Destiny O. Birdsong
The tangerines you brought me have gone bad.
One brown bulb leaks a ring of bitter syrup
on the crusted glass of the unused kitchen table.
I should let them go, though some are good:
still holding to their orange: the navels tight,
the pocked skin glossy—unyielding to the end.
My mother says: never throw a good thing away,
but she once returned a borrowed Michael Kors purse
by lobbing it onto my sister’s manicured lawn,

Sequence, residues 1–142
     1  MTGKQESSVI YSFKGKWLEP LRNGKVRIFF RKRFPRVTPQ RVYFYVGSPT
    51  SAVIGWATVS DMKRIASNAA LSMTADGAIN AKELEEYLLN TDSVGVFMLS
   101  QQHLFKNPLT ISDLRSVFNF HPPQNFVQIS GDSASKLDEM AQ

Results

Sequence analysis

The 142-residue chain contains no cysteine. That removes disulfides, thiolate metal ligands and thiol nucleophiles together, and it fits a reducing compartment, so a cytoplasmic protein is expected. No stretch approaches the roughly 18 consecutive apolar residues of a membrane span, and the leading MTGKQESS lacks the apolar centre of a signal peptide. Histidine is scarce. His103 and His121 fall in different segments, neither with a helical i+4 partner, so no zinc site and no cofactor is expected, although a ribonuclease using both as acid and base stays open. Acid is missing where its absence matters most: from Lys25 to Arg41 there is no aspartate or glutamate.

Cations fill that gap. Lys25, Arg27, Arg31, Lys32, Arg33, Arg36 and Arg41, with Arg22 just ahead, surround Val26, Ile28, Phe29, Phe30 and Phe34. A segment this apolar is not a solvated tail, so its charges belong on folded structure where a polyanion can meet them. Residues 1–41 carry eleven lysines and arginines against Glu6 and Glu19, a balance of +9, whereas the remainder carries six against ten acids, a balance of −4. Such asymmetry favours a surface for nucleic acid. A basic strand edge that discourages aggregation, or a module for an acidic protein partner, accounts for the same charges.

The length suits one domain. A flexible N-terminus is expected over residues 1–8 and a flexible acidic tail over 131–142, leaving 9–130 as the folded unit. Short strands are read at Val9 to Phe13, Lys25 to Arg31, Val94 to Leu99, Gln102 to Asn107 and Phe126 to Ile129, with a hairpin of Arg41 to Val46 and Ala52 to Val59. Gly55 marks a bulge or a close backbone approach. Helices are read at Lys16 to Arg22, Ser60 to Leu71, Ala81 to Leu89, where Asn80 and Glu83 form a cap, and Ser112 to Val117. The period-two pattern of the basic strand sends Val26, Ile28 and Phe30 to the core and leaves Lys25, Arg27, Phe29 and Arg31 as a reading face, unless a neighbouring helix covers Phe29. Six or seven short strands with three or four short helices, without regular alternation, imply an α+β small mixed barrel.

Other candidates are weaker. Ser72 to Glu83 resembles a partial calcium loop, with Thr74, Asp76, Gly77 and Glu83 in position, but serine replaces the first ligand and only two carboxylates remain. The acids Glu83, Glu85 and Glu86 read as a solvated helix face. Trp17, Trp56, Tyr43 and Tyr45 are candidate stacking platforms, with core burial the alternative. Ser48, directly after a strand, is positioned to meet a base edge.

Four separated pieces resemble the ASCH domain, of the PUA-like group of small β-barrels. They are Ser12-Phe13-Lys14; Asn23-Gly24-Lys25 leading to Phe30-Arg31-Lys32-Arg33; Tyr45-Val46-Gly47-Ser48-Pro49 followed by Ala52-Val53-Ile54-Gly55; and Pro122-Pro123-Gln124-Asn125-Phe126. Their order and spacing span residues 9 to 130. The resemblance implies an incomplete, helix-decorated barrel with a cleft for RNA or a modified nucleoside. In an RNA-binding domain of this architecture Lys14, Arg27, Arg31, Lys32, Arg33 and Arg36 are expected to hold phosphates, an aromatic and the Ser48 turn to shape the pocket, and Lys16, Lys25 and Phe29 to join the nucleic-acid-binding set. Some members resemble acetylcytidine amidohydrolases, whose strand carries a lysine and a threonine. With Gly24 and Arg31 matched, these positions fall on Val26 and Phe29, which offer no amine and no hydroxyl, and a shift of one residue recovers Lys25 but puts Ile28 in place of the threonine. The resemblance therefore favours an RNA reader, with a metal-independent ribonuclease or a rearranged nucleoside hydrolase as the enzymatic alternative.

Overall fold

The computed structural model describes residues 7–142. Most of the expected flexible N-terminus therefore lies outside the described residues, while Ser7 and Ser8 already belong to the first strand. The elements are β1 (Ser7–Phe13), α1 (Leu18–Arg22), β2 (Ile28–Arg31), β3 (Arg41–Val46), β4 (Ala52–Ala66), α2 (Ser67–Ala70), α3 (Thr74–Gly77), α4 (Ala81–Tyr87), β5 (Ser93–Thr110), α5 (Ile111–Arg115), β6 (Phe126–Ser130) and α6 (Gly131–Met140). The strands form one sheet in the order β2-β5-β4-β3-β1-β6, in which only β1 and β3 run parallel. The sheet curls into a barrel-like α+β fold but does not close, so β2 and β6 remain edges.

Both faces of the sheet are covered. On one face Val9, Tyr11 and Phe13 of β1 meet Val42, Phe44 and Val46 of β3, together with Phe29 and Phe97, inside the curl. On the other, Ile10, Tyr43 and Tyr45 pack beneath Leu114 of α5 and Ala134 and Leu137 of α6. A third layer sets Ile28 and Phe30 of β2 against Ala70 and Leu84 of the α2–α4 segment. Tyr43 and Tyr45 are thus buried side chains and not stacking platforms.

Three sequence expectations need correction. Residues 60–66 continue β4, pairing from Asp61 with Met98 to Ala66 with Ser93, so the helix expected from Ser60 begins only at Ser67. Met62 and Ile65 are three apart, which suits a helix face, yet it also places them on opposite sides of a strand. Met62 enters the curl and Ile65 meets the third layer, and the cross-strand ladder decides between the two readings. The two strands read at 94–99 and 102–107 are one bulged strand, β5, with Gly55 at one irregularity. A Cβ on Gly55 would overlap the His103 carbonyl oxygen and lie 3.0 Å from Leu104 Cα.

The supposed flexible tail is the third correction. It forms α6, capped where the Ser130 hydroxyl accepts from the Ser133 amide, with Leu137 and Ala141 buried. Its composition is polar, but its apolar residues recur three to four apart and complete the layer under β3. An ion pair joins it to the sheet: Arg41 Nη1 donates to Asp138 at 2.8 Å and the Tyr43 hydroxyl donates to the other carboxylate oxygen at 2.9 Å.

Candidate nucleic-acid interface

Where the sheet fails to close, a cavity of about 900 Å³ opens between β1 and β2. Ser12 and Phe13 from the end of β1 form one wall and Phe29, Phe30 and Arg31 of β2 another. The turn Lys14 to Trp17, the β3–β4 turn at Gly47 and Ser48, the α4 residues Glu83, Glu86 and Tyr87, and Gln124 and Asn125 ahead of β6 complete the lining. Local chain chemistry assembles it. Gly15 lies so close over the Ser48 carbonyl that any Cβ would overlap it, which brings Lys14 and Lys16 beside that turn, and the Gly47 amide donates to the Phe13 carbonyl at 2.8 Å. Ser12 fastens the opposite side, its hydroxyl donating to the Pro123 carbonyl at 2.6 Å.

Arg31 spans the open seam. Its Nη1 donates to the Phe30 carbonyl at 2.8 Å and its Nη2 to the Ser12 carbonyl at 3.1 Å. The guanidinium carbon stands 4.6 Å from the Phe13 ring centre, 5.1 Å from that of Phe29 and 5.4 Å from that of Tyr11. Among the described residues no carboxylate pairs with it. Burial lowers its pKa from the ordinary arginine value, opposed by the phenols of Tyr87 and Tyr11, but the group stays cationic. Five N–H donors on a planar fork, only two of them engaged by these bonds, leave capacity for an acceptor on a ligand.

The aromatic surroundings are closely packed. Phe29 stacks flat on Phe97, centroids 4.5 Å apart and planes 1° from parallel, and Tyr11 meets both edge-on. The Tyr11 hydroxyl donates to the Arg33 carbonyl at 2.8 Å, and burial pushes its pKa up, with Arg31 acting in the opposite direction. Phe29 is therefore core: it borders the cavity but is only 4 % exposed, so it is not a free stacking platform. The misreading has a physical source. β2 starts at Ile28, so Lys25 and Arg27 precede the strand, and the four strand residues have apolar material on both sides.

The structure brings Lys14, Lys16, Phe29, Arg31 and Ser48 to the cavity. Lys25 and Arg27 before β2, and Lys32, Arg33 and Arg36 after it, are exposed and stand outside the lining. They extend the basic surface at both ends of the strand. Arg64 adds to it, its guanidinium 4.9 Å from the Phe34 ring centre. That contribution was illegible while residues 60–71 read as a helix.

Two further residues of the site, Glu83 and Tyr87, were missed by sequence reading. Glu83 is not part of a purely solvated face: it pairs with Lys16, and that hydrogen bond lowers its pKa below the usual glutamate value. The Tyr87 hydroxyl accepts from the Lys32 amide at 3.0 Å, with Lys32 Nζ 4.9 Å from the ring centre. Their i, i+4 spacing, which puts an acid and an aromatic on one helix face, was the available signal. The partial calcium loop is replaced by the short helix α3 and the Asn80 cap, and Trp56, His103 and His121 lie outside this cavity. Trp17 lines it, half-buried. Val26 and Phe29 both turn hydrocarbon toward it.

only to come back the next morning, wiping down
the dew-sticky leather, blow-drying the silken lining
before slipping in her wallet and keys.
How she would scramble for these sunken-in globes,
nestle them in napkins, tuck them into the puckered bag.
So I drop them, one by one, into the trash.
first appeared in IthacaLit